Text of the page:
For a century, the Forest Service has allowed people to own recreation cabins on federal lands. Dismayed by a recent rise in annual use fees, recreation cabin owners from across the country have put forth a strong lobbying effort. In response, the U.S. House of Representatives passed the Cabin Fee Act of 2012 (H.R. 3397) last month, which aims to increase affordability by imposing a tiered fee structure that ranges from $500 at the low end to a maximum yearly fee of $5000.
While the Cabin Fee Act is great news for recreation cabin owners, another very important group of cabin owners right here in Southeast is being left out. These rural residents own cabins on federal land that they use for harvesting and processing subsistence resources, like fish and game. Most of the cabins are Native-owned, and were built many decades ago by the same families who own and use them today.
In recent years, however, the Forest Service has substantially increased the annual fee it charges these cabin owners. Now around $900 per year, the fees threaten to put families living in relatively cash-poor subsistence economies in the impossible position of having to choose between certain basic necessities on the one hand, and access to food and culture on the other. Perhaps most upsetting, the fees are no less than what the Forest Service charges mining companies, outfitters, commercial fishermen, and academic institutions for use of similar shelters on federal land.
Southeast’s subsistence users deserve better. Unlike the recreation cabins at issue in the Cabin Fee Act, subsistence cabins are not simply a luxury. Rather, these structures provide an essential means of access to the wild foods that cabin-owners and their families depend on. In remote areas, harsh winters and exposed coastline render these permanent shelters a vital component of the year-round subsistence lifestyle for the families that use them. In short, to the handful of families who have them, the cabins are just as important a subsistence tool as the rifle, the seine, or the gaff.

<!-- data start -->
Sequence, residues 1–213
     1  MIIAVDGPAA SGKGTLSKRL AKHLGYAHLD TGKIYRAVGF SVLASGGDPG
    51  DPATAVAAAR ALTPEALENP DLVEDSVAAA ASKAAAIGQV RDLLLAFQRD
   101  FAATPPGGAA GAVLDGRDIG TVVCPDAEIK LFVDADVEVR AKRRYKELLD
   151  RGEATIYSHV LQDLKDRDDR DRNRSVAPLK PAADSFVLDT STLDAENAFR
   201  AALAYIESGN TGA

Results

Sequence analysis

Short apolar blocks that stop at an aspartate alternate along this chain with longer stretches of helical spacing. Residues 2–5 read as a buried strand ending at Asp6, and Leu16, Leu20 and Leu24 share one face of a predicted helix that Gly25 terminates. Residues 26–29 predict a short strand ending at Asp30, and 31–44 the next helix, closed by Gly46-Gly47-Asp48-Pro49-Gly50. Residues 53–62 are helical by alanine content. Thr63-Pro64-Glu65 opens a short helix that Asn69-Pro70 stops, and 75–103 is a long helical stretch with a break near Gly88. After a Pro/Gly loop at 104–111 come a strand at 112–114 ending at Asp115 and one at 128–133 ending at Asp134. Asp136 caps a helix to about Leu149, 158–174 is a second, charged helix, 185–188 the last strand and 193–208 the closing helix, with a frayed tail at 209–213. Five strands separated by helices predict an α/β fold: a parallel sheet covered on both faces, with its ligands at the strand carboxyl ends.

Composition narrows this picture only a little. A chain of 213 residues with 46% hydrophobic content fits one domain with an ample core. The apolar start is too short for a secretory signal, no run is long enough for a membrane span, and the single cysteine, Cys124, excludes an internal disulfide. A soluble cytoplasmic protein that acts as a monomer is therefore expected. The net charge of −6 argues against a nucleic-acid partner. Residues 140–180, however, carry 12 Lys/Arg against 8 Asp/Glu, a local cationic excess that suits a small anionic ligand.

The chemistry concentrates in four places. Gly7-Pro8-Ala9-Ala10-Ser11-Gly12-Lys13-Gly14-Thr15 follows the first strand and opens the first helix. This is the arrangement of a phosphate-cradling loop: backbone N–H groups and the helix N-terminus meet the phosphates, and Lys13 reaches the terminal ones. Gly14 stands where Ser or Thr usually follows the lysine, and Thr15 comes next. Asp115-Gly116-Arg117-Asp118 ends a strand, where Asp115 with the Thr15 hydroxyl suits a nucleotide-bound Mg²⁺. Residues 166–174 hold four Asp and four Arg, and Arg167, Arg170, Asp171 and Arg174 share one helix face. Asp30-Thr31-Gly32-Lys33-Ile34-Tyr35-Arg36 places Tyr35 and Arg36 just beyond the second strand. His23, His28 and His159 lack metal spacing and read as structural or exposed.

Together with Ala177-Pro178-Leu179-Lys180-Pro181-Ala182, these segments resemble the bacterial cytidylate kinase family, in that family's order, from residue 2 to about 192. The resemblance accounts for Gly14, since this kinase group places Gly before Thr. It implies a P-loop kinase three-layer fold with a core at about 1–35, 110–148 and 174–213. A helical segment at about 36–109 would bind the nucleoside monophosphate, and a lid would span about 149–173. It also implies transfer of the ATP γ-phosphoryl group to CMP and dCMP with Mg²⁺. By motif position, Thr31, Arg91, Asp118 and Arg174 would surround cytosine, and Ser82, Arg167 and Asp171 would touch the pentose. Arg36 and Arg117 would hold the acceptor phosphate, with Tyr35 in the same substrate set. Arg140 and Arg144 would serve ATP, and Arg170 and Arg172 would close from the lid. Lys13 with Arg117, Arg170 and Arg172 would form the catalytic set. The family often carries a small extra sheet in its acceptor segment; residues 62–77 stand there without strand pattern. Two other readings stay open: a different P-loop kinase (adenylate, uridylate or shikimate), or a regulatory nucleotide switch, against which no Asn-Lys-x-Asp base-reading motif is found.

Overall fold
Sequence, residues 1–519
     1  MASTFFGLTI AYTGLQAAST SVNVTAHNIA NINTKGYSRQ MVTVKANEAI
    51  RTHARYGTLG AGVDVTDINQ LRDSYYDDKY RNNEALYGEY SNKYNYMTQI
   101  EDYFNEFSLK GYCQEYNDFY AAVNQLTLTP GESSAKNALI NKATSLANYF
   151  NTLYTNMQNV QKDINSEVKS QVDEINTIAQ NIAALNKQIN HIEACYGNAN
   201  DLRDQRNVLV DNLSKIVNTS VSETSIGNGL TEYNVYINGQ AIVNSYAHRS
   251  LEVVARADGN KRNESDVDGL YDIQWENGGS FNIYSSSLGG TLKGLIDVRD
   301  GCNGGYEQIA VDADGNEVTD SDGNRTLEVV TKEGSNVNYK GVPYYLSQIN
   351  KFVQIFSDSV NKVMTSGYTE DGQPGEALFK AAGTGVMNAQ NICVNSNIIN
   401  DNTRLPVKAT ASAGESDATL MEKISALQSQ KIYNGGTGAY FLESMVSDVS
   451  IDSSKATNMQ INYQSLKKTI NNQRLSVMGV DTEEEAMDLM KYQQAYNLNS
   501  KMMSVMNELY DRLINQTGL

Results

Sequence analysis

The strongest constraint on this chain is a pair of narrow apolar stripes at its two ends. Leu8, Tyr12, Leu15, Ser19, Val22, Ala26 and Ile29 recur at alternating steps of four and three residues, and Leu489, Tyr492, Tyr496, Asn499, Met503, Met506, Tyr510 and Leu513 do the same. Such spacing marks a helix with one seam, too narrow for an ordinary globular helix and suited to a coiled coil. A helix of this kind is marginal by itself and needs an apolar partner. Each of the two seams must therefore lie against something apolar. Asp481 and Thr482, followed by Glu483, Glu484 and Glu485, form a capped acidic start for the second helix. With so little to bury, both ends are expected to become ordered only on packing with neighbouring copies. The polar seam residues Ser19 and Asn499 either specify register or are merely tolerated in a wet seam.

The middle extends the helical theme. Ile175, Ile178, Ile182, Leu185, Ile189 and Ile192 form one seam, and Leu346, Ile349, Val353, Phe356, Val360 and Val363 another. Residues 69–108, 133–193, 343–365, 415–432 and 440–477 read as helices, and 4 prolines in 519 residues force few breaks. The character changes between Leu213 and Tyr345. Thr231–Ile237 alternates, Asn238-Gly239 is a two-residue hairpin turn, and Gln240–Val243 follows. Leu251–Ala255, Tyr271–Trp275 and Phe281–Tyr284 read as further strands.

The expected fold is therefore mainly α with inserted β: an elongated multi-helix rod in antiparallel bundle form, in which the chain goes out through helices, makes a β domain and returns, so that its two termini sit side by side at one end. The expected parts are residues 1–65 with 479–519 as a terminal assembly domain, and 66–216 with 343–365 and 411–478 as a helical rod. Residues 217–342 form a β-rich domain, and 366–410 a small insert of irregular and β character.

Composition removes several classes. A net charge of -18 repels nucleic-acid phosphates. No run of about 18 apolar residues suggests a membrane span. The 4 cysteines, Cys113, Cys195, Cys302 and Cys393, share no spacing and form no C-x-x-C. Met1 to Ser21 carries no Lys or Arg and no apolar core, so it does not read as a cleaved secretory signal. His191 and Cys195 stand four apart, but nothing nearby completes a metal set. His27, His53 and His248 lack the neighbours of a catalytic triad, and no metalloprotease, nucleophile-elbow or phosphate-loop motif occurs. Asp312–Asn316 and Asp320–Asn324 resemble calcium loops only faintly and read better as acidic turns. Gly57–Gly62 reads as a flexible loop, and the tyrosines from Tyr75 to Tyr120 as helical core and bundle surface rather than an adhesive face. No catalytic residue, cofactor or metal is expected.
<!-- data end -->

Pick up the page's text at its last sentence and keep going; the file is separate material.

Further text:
Subsistence – or customary and traditional use, as many prefer to call it – plays an extremely important role for many Southeast Alaskans. For most rural families, much if not most of a family’s food comes from fish, game, and other wild sources. In smaller communities, subsistence is more than a lifestyle – it’s a necessity. And subsistence is of special value to Alaska Natives, who have harvested from these lands since time immemorial, and for many of whom customary and traditional use plays an integral cultural role. But customary and traditional use is also important from a conservation perspective: when people connect with subsistence resources in this way, they are more likely to be in favor of keeping our forests and oceans healthy enough to support those resources. Connection to the land fosters good policy. It is for all of these reasons that SEACC works in support of this time-honored way of life.
For the next year, I will be at SEACC focusing on customary and traditional use. My work will involve matters of resource management – like the cabin fees at issue here – as well as environmental threats to the subsistence resources themselves. As an attorney, I’m particularly interested in the legal side of things, but I am also eager to incorporate other disciplines and tools where they might be useful. I encourage members of the subsistence community to reach out and share their thoughts, concerns, and hopes for the future so that I and SEACC may do what we can to keep customary and traditional use alive and well in Southeast.
But at this moment, my focus is on the Cabin Fee Act. The bill is now before the Senate, and as the ranking Republican on Energy and Natural Resources, Sen. Murkowski has the opportunity to make sure that Southeast’s subsistence users aren’t left out. Families that depend on these cabins for their sustenance should not have to pay close to a thousand dollars per year, while some recreation cabin owners only have to pay half that. Sen. Murkowski, please amend the bill to ensure that families can afford to continue practicing subsistence the way their families have for generations.
• Sinaiko is the Arthur P. Liman Fellow at the Southeast Alaska Conservation.